After dealing with weeks of Christmas [stuff] at the Big Box, it’s kind of a relief to begin Advent for real. I’ve been re-stocking and selling lights for a month at the store, but today I finally got our own put up. The lights look lovely, even against the leaves that I haven’t had time to rake yet.
Advent is a church-y idea, part of a liturgical calendar that follows a much different schedule from the commercial Christmas Season. That Christmas Season “officially” starts the day after Thanksgiving (or maybe Thanksgiving Day, when Santa Claus arrives at Macy’s). But these days it seems to start even earlier than that — usually the day after Halloween, giving us all two solid months of Christmas music, Christmas decorations, Christmas events, parties, and music.
I like all of those things, which is why I’m not a stickler for enforcing the Advent/Christmas distinction outside of church. I don’t want to be singing “Silent Night” in church before Christmas Eve, but I don’t mind if the grocery store plays the Stevie Nicks version of it before Pearl Harbor Day. And I don’t want cable TV stations and streaming services strictly following liturgical rules about Advent. It’s December, so bring on “Elf” and “Die Hard” and “It’s a Wonderful Life” and a few dozen variations of that Hallmark movie with the actress from that show playing the big-city executive returning to the small town where she meets the scruffy widower.
One problem with this time of year in church is that it’s all well and good to say, “This is the time for Advent hymns, not for Christmas carols,” but that only works if we have enough good Advent hymns to back it up. (Yes, great, “O Come, O Come Emmanuel,” but what else?) We’ve got a shortage of good Advent songs and an overabundance — way more than 12 days’ worth — of really good and beloved Christmas songs, so it’s not surprising we want to start on those earlier than the church calendar says we should.
In the secular realm of commercial Christmas Season, the first “Christmas song” I heard in a store this year — at the Wawa, 8 p.m. on Thanksgiving Day — was the Pointer Sisters’ version of “Santa Claus Is Coming to Town.” It’s their version of the E Street Band’s version, which is Bruce’s version of the Jackson Five’s joyous, boisterous re-arrangement of the song.
Santa songs aren’t Christmas carols, of course. They’re secular, commercial Christmas Season songs. But this one captures something of Advent better than many of the songs you’ll find in a hymnal. “You better watch out” because something big is coming that will sort the good and bad — that gets at the core of the Magnificat. It’s a song about anticipation, warning, and hope. That’s pretty darned Advent-y, if you think about it.
Unrelated to the commercial or liturgical calendar, the tail end of the year is also when I finally get to see the previous year’s Oscar-nominated movies as they at last arrive on TV and Netflix. That’s how I wound up recently getting to see “The Arrival.” It’s hard to say anything about that story without spoilers, since it plays with the arrow of time in a way that makes it difficult to discuss without revealing the surprise twist in the middle/end/beginning. But let me try.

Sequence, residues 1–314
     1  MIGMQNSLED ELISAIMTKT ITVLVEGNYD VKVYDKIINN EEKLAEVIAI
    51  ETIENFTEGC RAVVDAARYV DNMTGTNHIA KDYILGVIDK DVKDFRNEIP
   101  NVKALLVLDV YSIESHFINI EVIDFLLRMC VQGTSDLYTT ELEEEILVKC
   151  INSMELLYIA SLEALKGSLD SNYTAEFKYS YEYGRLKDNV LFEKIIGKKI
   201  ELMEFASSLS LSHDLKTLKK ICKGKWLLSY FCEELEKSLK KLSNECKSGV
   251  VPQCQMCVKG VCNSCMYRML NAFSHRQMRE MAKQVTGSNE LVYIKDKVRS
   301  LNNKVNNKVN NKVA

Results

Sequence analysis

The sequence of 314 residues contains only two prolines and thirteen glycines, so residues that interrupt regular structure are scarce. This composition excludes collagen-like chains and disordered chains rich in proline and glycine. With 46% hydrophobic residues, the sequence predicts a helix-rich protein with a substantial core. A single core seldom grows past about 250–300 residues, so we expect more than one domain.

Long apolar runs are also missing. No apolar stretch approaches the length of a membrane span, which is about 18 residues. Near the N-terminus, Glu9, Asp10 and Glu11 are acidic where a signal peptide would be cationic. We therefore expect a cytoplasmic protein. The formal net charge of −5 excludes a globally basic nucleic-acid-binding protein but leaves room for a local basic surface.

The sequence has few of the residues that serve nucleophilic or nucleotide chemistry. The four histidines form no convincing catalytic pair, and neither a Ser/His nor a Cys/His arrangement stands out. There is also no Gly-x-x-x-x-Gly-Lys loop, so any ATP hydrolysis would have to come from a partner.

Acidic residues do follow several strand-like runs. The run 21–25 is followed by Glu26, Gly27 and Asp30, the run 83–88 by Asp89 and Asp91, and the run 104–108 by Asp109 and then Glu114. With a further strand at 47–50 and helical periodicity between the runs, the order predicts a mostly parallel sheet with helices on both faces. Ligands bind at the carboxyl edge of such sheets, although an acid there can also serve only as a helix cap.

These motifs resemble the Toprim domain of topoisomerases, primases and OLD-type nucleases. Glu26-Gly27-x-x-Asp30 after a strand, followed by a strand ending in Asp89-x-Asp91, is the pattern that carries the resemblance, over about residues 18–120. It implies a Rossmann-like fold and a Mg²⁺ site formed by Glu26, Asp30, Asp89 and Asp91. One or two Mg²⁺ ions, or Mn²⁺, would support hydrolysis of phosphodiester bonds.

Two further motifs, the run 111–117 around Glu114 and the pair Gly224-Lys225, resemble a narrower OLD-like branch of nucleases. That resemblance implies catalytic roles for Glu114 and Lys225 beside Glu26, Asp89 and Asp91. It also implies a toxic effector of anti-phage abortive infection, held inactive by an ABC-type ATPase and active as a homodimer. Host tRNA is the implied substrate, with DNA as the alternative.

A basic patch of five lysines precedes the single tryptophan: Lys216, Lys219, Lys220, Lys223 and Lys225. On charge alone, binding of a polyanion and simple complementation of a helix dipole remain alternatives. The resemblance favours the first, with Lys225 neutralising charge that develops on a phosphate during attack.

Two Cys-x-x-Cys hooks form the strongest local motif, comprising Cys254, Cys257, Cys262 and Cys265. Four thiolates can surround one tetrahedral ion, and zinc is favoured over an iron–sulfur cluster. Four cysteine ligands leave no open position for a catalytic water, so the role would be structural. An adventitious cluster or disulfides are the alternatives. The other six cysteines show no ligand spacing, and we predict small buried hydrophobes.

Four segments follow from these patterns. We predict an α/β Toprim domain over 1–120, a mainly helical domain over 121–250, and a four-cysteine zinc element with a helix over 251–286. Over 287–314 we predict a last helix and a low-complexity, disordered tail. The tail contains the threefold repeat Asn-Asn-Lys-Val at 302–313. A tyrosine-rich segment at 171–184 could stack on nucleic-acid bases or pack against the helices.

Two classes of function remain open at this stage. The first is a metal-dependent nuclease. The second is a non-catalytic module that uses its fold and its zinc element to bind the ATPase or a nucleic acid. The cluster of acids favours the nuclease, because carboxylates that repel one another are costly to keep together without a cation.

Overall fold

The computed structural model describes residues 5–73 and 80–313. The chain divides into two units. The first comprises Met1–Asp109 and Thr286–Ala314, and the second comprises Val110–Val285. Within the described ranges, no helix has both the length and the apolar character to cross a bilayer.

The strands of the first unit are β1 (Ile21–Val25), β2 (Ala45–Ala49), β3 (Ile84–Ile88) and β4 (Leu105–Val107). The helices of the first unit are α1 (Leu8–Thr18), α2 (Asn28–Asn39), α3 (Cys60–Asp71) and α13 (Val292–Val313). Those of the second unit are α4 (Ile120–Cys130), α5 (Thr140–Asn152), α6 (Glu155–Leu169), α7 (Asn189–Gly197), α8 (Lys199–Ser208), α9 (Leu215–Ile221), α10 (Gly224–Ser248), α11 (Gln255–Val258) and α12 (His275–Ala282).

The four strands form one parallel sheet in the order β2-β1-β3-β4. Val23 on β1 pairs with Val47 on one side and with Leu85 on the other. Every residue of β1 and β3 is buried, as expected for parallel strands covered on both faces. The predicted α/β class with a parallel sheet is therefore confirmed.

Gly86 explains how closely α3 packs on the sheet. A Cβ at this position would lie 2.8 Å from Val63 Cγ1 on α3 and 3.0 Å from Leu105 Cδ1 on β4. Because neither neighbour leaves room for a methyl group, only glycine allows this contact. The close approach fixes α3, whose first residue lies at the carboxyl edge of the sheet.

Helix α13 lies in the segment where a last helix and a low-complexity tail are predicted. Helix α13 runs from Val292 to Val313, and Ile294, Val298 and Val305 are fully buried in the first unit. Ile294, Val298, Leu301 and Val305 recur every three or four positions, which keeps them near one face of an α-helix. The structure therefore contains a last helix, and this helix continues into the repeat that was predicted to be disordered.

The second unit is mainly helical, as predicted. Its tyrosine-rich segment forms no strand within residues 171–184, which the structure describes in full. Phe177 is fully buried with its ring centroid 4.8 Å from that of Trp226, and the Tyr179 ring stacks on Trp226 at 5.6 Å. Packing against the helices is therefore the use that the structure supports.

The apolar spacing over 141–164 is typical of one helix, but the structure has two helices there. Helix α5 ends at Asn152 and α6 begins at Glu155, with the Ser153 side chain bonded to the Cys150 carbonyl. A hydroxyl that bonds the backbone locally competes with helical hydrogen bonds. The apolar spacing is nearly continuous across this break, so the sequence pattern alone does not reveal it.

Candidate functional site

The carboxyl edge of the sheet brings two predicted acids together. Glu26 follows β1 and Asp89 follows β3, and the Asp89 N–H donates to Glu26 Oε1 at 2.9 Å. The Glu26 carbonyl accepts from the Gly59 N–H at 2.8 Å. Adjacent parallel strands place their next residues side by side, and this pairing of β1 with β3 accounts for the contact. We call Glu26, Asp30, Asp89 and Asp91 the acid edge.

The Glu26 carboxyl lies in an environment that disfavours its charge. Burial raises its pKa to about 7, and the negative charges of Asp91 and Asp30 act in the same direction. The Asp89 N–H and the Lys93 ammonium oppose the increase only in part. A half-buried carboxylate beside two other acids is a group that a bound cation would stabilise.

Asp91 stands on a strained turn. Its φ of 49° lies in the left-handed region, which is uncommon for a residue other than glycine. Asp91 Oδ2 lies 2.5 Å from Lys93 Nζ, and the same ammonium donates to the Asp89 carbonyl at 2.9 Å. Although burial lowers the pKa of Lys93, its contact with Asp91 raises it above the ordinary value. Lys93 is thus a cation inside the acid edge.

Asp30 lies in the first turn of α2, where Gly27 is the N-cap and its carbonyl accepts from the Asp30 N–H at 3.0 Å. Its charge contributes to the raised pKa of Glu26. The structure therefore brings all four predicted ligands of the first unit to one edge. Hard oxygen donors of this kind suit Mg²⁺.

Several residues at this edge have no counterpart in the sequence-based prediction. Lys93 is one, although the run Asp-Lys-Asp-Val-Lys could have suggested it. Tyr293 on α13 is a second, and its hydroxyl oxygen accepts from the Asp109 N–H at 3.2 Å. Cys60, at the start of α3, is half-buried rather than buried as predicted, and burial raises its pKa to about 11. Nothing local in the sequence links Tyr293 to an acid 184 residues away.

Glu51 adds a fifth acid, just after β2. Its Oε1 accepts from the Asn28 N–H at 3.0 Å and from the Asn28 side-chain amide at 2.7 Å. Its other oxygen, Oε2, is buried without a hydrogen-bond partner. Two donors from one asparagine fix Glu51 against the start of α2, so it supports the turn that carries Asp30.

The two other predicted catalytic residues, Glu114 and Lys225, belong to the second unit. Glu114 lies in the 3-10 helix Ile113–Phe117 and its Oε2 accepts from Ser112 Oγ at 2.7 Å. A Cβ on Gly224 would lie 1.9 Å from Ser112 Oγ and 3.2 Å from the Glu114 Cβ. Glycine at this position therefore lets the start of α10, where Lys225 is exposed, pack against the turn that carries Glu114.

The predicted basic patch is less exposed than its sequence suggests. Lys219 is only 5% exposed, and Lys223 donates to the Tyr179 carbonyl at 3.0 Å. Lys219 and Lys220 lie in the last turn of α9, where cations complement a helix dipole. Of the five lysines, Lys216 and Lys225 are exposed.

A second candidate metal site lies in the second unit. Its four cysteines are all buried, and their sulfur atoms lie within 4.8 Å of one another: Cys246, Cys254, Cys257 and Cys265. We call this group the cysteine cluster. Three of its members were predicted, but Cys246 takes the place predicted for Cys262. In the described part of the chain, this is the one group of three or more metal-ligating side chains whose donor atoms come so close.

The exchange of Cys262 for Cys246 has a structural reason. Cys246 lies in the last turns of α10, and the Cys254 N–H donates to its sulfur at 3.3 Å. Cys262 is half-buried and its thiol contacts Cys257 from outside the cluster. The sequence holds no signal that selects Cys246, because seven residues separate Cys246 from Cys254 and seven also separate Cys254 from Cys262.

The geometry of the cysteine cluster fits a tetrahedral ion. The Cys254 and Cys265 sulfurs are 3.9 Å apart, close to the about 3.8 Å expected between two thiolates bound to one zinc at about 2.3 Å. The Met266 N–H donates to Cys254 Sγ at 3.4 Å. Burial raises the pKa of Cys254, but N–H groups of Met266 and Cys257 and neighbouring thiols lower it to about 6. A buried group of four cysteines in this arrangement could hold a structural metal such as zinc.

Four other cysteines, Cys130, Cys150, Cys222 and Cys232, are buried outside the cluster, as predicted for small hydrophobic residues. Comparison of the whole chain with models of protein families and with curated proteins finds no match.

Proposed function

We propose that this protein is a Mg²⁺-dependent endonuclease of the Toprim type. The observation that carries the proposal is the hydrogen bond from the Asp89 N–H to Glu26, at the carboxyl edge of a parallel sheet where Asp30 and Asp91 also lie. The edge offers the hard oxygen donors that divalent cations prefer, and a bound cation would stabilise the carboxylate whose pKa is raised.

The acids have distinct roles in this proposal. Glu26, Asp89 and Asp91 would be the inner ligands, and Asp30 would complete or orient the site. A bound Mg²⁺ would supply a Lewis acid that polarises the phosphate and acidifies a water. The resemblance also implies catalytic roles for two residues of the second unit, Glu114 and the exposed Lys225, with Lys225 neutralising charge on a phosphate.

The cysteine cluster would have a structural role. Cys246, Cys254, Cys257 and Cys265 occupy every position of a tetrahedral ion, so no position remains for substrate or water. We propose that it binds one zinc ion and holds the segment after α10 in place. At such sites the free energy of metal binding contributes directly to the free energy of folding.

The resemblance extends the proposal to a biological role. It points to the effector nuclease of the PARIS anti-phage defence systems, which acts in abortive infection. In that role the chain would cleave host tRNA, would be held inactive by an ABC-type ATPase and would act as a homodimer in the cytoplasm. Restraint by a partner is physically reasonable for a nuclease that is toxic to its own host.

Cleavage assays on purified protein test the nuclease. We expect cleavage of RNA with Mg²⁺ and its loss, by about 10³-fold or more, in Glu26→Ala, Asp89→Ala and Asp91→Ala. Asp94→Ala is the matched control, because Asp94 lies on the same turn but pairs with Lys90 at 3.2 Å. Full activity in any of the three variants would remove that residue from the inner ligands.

From another angle, though, “The Arrival” might also be the most Advent movie I’ve ever seen. It’s about timelessness making contact with time, about annunciation, about the incarnate possibility of human-celestial understanding, about a child born to die. There’s even a heavenly host singing of peace on earth, good will to all. Maybe I’m projecting onto it, but it’s definitely worth your time to check it out and see for yourself.
Meanwhile, yesterday on Twitter the first day of Advent included the 10,000th rehash of a well-rehearsed script. Once again a right-wing Randian/Hobbesian ideologue — this time it was Eric son of Erick — attempted to defend that ideology by rebranding it as Christianity, asserting a stark and arbitrary either/or between “individual responsibility to help the poor” and, well, everything else (structural, institutional, collective, communal, civil society, love, Gospel, etc.). The ecumenical response involved him getting schooled by — among others — an evangelical, a rabbi, and a Jesuit priest.
It seems to me that there’s something “Arrival”-ish about that perennial disagreement — or about the way it never even manages to attain the status of disagreement. I think there’s a Whorfian element to it, with the Randian cultists unable to grasp any language that would allow them to articulate any thought other than their own stunted vision of life as cut-throat competition. As much fun as it is to watch the priests and rabbis douse Erickson’s head, signing water over and over again, it’s also frustrating to see him stubbornly refuse every such opportunity to have a “Miracle Worker” style epiphany — to reject any language that might allow him a better way of understanding the world.
That frustrating conversation is also Advent-appropriate in another way — in the way that Mary sang about, and kind of in the way that MJ and Bruce and Bing and the Pointer Sisters all sing too. Because as long as those zero-sum individualists choose to keep crying and pouyting, refusing to accept a bigger language and a better way of understanding, there’s really only one message we can give them: “You better watch out.”